Alas, after tracking the Bully Project for many months, I watched Bully last night. Since many of my readers know me personally, these people know that I am highly against bullying and believe greatly in inclusivity and equality, despite the fact that the community that I am a part of is one in which this inequality or discrimination is rarely important. I want to put this out there before I continue to talk about this subject, as some of the things I will discuss in this post will likely indicate otherwise.
My primary thought throughout the movie was obviously how terrible the bullying that these children face is. While bullying is generally associated with physical violence, the bullying that we hear about more commonly is a lot more psychological: teasing, cyber bullying, etc. Thus, exposure to violence in this context is strange and frightening. Now, while the obvious solution to bullying is to change the thinking of children, this movie brought to my attention the immense role that administrators can have on bullying in their community. This isn’t something which we realize until we witness the results of the lack of this. There were a couple scenes in this movie which portrayed the assistant principal at one of the schools. One was of her trying to settle a dispute between two students, and the other was of her talking to the parents of one of the students being bullied. The first was somewhat reasonable: she asked the two students to shake hands, and be friends. However, this obviously didn’t seem to solve the problem. This continues in the meeting she has with the parents, in which she promises to do all she can to stop the bullying. Now, it seems that she does do this, as she organizes meetings with various students regarding this. However, there are two parts of this meetings which stand for her incapability to solve these problems. The first is in the meetings with the kids who are doing the bullying. She does tell them to stop hitting Alex, but doesn’t offer them consequences for doing it again. While it’s obviously easier to enforce consequences at a private school like EPS, where violence could result in expulsion, there are many consequences that could easily be enforced, which I have seen/heard of being used in public schools. The main ones here are detention and suspension. I don’t know how effective these are for preventing violence, but it’s at least worth a try.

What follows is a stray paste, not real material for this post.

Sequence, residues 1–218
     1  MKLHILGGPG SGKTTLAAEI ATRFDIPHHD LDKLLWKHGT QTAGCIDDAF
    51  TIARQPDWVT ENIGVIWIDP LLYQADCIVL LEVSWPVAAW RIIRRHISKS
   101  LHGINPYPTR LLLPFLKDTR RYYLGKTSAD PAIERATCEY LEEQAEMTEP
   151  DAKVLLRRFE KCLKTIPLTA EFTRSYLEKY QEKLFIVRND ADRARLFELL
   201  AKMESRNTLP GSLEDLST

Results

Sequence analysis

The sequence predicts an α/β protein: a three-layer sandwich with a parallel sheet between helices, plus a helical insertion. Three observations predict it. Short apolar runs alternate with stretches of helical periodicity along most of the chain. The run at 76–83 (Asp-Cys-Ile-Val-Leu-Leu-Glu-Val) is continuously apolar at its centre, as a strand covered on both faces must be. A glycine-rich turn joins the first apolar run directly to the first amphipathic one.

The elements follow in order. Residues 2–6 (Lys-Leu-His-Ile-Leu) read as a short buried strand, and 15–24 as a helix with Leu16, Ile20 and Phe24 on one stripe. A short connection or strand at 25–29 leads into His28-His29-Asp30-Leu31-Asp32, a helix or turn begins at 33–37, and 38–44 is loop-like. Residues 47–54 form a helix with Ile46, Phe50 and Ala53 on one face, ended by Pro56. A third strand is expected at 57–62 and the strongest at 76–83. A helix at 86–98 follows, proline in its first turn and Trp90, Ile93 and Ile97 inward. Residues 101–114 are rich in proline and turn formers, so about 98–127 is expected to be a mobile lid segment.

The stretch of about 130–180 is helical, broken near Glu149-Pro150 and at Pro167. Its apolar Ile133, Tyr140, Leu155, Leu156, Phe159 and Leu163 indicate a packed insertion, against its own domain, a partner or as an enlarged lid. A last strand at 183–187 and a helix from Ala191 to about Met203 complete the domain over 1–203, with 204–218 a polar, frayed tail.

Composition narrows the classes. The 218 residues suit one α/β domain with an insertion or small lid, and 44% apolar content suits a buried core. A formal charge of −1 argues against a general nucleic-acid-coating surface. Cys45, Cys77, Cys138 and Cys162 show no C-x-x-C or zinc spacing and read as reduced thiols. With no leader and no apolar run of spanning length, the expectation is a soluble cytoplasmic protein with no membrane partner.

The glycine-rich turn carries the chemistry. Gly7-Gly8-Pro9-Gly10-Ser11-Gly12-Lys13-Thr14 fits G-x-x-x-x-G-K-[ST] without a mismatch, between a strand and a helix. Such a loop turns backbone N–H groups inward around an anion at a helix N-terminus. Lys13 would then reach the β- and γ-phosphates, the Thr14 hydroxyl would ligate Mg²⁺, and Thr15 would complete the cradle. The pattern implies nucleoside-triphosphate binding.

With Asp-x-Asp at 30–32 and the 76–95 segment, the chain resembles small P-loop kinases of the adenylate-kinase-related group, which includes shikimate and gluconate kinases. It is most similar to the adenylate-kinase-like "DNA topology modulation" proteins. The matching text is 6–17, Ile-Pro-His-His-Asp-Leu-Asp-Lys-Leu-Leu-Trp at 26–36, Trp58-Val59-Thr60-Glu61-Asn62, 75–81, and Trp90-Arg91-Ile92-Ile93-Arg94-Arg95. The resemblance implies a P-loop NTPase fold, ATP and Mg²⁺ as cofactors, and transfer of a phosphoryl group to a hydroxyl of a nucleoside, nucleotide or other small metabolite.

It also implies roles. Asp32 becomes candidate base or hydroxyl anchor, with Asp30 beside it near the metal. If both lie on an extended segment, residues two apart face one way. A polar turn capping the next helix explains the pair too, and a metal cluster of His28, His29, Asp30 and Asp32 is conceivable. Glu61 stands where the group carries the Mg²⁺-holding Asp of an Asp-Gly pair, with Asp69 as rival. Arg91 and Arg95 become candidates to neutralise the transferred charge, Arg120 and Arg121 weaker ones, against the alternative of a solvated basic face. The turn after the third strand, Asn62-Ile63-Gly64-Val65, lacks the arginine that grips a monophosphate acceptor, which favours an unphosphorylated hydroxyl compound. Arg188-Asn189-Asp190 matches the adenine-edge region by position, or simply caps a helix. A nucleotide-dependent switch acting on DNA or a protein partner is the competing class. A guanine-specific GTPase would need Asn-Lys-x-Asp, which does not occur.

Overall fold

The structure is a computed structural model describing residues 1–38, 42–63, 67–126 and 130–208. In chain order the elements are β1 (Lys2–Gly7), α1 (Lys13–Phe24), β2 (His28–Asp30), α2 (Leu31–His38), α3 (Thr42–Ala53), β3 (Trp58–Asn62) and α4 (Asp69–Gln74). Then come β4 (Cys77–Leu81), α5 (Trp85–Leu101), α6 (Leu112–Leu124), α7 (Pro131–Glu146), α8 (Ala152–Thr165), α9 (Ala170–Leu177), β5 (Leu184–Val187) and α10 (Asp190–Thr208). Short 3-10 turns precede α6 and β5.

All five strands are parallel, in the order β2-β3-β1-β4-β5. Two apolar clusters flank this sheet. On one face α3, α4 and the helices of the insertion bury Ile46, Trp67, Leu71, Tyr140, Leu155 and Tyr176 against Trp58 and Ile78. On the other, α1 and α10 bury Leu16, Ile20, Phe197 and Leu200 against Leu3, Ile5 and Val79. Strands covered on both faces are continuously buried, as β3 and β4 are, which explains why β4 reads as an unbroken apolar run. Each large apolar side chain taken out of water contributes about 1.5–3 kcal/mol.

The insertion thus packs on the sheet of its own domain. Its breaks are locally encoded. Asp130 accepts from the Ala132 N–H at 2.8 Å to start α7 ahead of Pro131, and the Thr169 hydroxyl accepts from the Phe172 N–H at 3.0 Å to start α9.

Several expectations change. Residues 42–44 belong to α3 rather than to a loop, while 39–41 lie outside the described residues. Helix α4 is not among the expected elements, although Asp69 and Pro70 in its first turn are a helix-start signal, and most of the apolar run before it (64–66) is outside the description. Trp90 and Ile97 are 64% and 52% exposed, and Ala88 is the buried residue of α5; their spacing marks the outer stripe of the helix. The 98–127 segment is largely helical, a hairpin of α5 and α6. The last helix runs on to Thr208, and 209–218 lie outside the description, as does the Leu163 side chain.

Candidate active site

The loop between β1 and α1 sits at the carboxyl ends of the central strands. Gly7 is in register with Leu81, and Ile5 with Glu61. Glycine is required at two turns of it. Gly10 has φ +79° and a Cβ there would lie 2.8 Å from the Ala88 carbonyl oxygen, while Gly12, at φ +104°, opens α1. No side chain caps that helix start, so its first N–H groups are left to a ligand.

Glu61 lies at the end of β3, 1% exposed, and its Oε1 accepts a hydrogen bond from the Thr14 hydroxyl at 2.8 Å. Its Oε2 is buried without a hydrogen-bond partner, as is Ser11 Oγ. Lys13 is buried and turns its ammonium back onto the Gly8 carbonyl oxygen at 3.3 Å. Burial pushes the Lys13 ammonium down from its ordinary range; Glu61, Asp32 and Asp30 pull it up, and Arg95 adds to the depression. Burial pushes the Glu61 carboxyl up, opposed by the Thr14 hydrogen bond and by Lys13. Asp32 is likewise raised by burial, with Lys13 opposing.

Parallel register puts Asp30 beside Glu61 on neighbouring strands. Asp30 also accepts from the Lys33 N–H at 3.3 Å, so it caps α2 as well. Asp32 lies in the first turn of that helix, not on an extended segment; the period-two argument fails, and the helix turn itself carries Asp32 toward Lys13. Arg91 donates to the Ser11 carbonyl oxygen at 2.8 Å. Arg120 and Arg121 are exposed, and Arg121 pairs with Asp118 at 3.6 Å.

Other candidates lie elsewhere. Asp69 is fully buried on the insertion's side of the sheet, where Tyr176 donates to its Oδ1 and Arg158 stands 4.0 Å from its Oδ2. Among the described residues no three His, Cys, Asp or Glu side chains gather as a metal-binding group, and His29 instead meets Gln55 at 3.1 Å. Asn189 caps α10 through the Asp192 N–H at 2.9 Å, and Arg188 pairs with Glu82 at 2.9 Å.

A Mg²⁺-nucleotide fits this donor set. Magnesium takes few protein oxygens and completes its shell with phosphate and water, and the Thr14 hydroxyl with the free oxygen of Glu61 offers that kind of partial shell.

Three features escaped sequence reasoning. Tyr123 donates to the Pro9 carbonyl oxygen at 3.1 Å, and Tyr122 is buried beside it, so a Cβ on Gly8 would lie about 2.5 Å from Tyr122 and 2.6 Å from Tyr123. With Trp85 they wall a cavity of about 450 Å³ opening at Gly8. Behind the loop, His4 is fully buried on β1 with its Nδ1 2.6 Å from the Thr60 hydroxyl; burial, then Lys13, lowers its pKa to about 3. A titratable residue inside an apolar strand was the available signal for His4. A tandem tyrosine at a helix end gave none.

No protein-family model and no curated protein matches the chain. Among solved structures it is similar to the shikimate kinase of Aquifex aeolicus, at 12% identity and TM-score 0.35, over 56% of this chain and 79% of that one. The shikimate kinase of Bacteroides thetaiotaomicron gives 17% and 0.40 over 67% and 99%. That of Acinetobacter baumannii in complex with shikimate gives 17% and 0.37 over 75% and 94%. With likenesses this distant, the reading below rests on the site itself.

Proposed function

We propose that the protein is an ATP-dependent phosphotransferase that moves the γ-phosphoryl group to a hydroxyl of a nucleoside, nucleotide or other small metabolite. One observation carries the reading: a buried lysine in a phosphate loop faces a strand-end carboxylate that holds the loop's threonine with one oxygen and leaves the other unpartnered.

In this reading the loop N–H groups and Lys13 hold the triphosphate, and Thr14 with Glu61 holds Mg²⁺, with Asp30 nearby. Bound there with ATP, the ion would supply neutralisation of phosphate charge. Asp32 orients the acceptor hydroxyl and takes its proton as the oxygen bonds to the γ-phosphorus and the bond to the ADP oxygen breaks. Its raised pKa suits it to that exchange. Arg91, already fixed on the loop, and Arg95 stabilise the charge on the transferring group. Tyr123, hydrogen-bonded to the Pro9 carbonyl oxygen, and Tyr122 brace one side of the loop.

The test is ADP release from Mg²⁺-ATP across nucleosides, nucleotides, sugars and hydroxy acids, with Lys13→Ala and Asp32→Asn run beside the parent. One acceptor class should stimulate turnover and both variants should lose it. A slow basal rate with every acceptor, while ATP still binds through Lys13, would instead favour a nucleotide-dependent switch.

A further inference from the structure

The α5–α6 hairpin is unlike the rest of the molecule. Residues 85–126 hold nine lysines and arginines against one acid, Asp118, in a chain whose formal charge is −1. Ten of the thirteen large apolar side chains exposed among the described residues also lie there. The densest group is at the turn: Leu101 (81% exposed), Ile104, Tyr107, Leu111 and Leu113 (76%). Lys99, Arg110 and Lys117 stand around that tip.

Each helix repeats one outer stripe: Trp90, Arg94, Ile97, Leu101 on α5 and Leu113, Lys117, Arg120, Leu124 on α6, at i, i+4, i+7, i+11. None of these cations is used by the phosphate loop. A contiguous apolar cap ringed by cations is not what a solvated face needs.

The second thing is that, in her conversation with Alex, she seems completely unconcerned with the fact that he’s being beat up. She asks him about their last meeting, in which he complained about being sat on on the bus. She asks whether that had happened again, and he says no, but he’s been violently bullied in other ways since then. The assistant principal doesn’t care about that: she just cares that he hasn’t been sat on again, and because of this, her task had been accomplished. This sort of mentality should be a complete and utter embarrassment for an administration. The primary goal of a school is to provide a safe environment for students. Even if it is true that there is no way to fully stop the violence, such an approach of ignorance and apathy is completely unacceptable. Administrators have to accept that their job is to fight bullying, not simply tell people that it is unavoidable. This idea of fighting even the impossible to eliminate is clearly apparent in the administration at EPS. Faculty and staff stop bullying or discrimination if it is apparent, which it rarely is, rather than standing aside and watching a fight, saying that it’s bound to happen with high school students. This is reflected perfectly in our school by the fact that there haven’t been any clear problems with bullying-associated violence recently. We have developed an accepting, inclusive society.
Now, this next part is the part for which I wrote the introduction that I did. The rest of this post has been against bullying, but the part will question this thinking. However, I sincerely hope that this is not the view held by any individual or group, as it is one that has the potential to be very dangerous to society. This idea is that of bullying being a natural part of life which shouldn’t be avoided. It is a sudden of natural selection which serves to root out those who aren’t as capable or powerful. Now, the reason why this is such a terrible idea is that this is not at all the way society functions today. It is a very primitive system of prioritizing qualities which no longer have importance in our society. Those in power are those who have the intelligence and education to lead society, not those who are physically powerful and aggressive. Bullying is essentially immature. It, in it’s violent form, is nearly solely present among children. Using a system like this to filter society is useless and must be fought against.
In conclusion, I want to acknowledge the fact that bullying is very difficult to face and pretty much impossible to eliminate. We can only hope that efforts to combat it will reduce its prominence. But we cannot let this stop us from trying. Thank you for reading.


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